Summer Living

Lazy-Hazy-Crazy-Days-of-Summer-number 2Today is the first day of summer 2017, and it’s the Summer Solstice – the longest day of the year. As Nat King Cole sang, it’s now time to, “Roll out those lazy, hazy, crazy days of summer. Those days of soda, pretzels and beer. Roll out those lazy, hazy, crazy days of summer. Dust off the sun and moon and sing a song of cheer.”

The days of summer tantalize our senses, offering us promises of down time and opportunities for rest and contemplation, barbeques and picnics, walks in the park and a refreshing jump in the pool. Perhaps one of the greatest contrasts summer holds in comparison to the rest of the year is that it seems so much slower, with so many more hours and, in the best of scenarios, fewer tasks to attend to and more new places to visit and explore. Time appears to stretch with the heat of the day, which is a nice reprieve from the cold and rapid pace of the previous months, filled with so many demands.

Next week I leave for my annual summer vacation on Florida’s gulf coast. Those days away from the parish will allow me to walk the beach, swim, be amazed at the beauty of the setting sun, watch some great fireworks on the beach on the Fourth of July, spend quality time with my closest friend, enjoy a few beverages and some great meals off the grill and others at our local favorite restaurants, do a great deal of reading and a little napping. It will be a great opportunity to use the quiet time away from the phone and doorbell for a little more prayer and reflection. After all, now and then we all need a change in the pace of our life.

Like many of you, I fill the summer days with books that unpack some of the changes unfolding in the world we inhabit. Be they fictional or true, spiritual or mystery, these books can accompany us through our slower summer days, helping us to consciously re-emerge from vacations and into reality just a bit brighter and bolder. Here’s titles that I am working on this summer – a few of them will be with me at the beach, along with a number of unread magazine that have been piling up.

Father James Martin, a popular Jesuit and the editor at large of America magazine, in his book Jesus: A Pilgrimage, invites readers to experience the stories of the Gospels in a completely new, vivid and exciting way. Moving sequentially through the Gospels, considering not only familiar passages, but also the “hidden life” of Jesus, the book offers a bold retelling of the life of Christ, faithful to the Christian tradition, while meditating on parts of the narrative that have often escaped notice. The book is an invitation to know Jesus as Father Martin knows him: Messiah and Savior, as well as friend and brother.

Hearts of Fire, is a book written by the Voice of the Martyrs – a nonprofit, interdenominational organization dedicated to assisting the persecuted church worldwide. Hearts of Fire introduces the reader to eight courageous women in the underground church and their stories of costly faith. These women are heroines of the faith, who are representatives of countless women facing similar situations around the world. A free copy was sent to me by this ministry – with a card that read, “Our prayer is that the testimony of these women will be an encouragement and inspiration to your own faith.”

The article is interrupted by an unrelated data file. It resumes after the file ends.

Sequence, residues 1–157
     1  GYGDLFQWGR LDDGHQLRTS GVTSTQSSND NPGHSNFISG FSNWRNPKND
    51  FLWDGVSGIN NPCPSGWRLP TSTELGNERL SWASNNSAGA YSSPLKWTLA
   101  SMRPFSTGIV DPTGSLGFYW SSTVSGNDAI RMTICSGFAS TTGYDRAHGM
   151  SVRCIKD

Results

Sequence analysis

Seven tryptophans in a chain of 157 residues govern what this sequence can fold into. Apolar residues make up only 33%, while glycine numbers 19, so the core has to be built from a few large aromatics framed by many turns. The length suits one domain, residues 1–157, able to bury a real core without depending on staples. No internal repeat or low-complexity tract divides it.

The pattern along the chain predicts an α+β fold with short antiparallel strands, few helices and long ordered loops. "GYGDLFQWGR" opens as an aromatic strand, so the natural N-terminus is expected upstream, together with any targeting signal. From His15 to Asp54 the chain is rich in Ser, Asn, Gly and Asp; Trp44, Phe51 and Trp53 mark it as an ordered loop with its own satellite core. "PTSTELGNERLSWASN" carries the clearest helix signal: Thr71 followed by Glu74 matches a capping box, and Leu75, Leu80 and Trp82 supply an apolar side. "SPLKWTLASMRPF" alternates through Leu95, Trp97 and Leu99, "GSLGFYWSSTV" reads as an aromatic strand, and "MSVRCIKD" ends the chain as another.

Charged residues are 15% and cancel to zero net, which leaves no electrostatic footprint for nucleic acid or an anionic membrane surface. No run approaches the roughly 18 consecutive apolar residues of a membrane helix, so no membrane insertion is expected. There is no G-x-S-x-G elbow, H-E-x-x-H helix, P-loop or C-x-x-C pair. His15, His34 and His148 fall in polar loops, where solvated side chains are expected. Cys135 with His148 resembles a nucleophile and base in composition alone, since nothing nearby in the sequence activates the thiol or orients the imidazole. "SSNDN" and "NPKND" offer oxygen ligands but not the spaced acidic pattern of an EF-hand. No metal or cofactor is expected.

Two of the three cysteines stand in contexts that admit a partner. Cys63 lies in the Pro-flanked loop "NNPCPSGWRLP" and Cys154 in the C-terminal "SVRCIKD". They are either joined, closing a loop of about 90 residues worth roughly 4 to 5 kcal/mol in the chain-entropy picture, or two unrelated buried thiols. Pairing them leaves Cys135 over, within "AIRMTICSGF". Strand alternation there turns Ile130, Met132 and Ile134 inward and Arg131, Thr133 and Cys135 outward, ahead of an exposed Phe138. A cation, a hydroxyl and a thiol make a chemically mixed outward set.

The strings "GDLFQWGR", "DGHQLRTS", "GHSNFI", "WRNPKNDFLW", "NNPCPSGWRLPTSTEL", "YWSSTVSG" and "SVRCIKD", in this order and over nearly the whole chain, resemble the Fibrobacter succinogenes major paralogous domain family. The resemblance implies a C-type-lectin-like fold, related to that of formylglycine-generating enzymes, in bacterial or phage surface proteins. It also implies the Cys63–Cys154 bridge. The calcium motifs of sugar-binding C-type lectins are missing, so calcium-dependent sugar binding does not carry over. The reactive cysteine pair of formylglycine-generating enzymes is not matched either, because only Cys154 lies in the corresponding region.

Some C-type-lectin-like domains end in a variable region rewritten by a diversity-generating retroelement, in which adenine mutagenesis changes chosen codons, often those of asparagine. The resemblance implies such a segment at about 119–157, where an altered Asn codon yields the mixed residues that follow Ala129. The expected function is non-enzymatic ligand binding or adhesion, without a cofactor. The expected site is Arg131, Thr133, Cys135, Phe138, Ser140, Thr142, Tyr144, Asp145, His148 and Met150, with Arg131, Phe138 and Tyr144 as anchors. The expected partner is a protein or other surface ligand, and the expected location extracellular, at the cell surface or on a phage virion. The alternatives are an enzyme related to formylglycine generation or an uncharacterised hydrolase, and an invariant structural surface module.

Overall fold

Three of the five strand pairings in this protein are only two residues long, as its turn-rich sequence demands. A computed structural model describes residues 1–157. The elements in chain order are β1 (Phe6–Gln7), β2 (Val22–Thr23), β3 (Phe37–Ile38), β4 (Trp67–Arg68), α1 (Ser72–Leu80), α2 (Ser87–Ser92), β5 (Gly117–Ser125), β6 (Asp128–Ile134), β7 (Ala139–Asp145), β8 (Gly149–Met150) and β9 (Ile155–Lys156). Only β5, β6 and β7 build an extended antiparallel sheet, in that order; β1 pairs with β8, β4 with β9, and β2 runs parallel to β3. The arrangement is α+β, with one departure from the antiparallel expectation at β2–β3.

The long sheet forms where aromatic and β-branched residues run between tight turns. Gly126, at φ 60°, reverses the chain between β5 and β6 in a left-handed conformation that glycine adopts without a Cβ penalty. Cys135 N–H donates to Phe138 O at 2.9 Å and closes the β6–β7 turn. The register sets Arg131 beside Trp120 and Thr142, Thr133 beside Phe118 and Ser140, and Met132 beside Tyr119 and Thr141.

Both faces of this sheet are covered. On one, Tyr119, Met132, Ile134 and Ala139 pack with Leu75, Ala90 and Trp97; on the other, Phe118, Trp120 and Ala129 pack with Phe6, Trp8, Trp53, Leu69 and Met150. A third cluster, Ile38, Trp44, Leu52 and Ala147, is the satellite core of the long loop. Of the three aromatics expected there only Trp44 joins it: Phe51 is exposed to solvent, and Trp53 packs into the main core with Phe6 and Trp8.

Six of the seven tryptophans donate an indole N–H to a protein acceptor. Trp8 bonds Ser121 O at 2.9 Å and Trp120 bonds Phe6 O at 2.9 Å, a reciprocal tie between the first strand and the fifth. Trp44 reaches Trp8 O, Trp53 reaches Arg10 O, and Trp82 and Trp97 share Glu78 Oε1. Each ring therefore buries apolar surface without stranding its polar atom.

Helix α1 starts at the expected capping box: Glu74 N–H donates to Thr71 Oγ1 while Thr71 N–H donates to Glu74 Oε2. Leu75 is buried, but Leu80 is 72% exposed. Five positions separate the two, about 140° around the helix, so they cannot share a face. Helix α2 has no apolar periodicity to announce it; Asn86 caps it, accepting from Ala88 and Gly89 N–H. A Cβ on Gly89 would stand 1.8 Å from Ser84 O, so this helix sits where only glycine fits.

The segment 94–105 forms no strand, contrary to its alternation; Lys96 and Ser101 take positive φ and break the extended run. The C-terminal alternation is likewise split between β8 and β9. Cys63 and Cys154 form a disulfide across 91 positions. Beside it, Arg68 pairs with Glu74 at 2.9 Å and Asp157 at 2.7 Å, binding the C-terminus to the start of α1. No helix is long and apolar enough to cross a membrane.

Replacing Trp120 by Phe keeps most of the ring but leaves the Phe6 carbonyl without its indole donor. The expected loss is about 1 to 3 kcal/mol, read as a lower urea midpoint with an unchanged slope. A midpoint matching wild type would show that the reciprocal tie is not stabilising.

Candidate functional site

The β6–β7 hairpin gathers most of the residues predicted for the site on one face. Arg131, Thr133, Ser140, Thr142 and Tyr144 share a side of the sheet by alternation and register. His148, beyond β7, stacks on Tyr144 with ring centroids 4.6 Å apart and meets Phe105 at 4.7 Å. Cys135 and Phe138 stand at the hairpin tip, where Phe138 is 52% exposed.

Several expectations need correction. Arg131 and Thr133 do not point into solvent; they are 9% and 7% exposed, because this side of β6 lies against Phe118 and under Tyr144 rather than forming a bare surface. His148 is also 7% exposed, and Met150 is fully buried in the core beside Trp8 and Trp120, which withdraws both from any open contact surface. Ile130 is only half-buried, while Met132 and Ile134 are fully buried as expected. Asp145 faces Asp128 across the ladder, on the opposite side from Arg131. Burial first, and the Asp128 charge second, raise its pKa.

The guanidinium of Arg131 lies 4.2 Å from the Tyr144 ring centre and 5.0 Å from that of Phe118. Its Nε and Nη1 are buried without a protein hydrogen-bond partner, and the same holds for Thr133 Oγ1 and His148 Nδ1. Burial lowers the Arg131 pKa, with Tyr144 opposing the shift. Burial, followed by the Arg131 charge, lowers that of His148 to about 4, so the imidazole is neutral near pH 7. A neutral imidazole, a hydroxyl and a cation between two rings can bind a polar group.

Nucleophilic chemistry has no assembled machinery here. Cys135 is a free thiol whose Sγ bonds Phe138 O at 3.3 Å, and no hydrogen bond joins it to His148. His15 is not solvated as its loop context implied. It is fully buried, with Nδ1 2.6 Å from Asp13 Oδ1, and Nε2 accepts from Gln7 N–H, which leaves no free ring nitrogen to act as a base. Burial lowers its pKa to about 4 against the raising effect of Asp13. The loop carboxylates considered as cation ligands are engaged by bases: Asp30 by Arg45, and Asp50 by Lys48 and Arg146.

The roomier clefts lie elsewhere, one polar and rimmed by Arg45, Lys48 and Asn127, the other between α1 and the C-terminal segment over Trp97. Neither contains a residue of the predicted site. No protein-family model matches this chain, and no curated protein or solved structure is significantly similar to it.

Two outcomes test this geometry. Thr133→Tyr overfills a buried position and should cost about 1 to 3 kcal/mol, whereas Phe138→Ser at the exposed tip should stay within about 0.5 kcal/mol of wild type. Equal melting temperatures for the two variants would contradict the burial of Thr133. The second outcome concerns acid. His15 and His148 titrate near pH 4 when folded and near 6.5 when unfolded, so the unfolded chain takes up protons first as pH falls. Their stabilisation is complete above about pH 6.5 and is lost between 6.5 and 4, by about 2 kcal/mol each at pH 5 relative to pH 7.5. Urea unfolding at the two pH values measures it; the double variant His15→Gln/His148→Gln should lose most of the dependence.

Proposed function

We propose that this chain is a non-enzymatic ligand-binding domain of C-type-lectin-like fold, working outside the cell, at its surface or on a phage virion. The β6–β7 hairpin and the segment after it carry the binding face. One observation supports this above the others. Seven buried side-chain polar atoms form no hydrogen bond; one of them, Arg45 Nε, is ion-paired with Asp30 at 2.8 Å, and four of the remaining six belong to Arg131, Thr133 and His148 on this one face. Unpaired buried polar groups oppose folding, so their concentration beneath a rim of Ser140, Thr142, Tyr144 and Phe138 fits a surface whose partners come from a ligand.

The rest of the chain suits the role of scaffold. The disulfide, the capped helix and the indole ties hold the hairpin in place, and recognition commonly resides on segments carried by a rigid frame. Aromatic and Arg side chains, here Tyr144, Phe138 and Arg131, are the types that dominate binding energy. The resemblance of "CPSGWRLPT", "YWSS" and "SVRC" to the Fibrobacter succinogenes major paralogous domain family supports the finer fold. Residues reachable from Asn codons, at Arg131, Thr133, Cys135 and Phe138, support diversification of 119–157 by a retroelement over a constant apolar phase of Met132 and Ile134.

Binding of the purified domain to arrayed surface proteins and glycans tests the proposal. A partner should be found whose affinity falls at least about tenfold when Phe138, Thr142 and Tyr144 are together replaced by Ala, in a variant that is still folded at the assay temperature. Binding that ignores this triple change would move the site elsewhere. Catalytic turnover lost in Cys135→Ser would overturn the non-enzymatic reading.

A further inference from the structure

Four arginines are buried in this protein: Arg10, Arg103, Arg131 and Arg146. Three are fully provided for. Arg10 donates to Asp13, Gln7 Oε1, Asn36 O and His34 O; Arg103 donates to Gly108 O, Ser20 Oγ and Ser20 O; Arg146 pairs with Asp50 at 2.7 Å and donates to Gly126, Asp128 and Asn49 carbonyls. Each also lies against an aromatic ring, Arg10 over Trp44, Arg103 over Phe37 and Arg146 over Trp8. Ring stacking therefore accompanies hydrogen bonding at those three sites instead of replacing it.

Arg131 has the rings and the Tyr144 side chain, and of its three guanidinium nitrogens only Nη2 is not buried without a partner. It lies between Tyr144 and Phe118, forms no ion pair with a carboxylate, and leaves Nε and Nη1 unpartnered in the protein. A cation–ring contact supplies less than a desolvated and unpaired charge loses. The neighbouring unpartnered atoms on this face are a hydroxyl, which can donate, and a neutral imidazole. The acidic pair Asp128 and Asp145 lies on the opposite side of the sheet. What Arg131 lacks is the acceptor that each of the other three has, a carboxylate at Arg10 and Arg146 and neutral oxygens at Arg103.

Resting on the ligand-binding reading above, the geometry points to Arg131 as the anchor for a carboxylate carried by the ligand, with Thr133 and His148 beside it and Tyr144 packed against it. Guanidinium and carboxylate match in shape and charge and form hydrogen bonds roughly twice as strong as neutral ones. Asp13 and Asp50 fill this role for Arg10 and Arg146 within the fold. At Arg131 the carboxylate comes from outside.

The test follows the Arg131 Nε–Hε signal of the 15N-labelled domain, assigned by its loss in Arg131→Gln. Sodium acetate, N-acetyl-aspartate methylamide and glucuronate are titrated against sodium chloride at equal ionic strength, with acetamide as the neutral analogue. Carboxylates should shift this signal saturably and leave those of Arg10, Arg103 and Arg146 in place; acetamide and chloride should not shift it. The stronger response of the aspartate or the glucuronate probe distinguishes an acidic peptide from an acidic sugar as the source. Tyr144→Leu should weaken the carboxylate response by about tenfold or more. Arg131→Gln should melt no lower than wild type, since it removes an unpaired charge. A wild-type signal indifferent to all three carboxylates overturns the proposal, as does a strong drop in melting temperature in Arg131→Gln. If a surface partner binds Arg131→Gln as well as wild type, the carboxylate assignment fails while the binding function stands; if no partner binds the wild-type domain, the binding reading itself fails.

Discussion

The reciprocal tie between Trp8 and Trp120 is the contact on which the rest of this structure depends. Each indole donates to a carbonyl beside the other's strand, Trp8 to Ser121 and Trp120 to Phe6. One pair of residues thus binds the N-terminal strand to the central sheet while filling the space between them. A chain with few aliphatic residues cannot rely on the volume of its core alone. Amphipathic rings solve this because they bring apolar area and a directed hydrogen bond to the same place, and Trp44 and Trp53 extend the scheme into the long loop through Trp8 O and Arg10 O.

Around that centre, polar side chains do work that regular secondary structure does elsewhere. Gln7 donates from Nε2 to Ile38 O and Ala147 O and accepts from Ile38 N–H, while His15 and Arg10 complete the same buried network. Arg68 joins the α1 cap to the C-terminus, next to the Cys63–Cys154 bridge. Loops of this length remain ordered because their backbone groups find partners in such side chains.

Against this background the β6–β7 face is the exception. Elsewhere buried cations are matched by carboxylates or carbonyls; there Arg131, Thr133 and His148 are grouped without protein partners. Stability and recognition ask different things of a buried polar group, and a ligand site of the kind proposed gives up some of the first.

R. Scott Hurd’s Around the Table, retells the story of the Eucharist through the eyes of fourteen of Jesus’ followers – including Thomas, Barnabas and Mary Magdalene. In this book the Hurd incorporates traditions of the Church and his own lifelong fascination with the Eucharist to help the reader know Christ better, contemplate scripture, and deepen your understanding of the Eucharistic mystery we celebrate today.

For me, anything by John Grisham is captivating. Camino Island is his most recent novel. I have it, as well as A Criminal Defense, by William L. Myers, Jr, on my iPad. I know that I’ll take care of both them on the gulf coast!

Some may say that the “lazy, hazy, crazy days of summer” that Nat King Cole sang of are long gone because of the busyness of our lives. Yet, I think that we can bring those days back if we make the time to capture moments when time stands still. Moments that can become memories and give us the ability to face the difficulties and struggles of our lives with vision and hope.

So, I encourage you to make time in your schedule throughout these summer days to simply relax and enjoy all of the beauty that surrounds you. Slow down the hectic pace of your life. Take in ballgame or stop for an ice cream cone. Soak in a summer breeze with a walk along the parkway. Stop and smell the roses. Capture the beauty of the sunrise and the summer flowers. Do a little leisure reading. Plan to attend our International Festival on August 17th, 18th, 19th, and 20th. Be sure to spend a little more time with God – maybe a few more visits to our Adoration Chapel or coming to one daily Mass each week this summer.

Think about it now – what is it that helps you to slow down and relax? Name it – and then do your best to take the time and do it before these summer days are a memory of another one that has gone by.

Finally, for the summer months I will be blogging once a month. My next blog will be on July 18.

Question – Consider sharing with us how you are spending these summer months. What books are you planning to read? Are you going anywhere special? How are you simply slowing down the pace of your life?


June 21st, 2017 |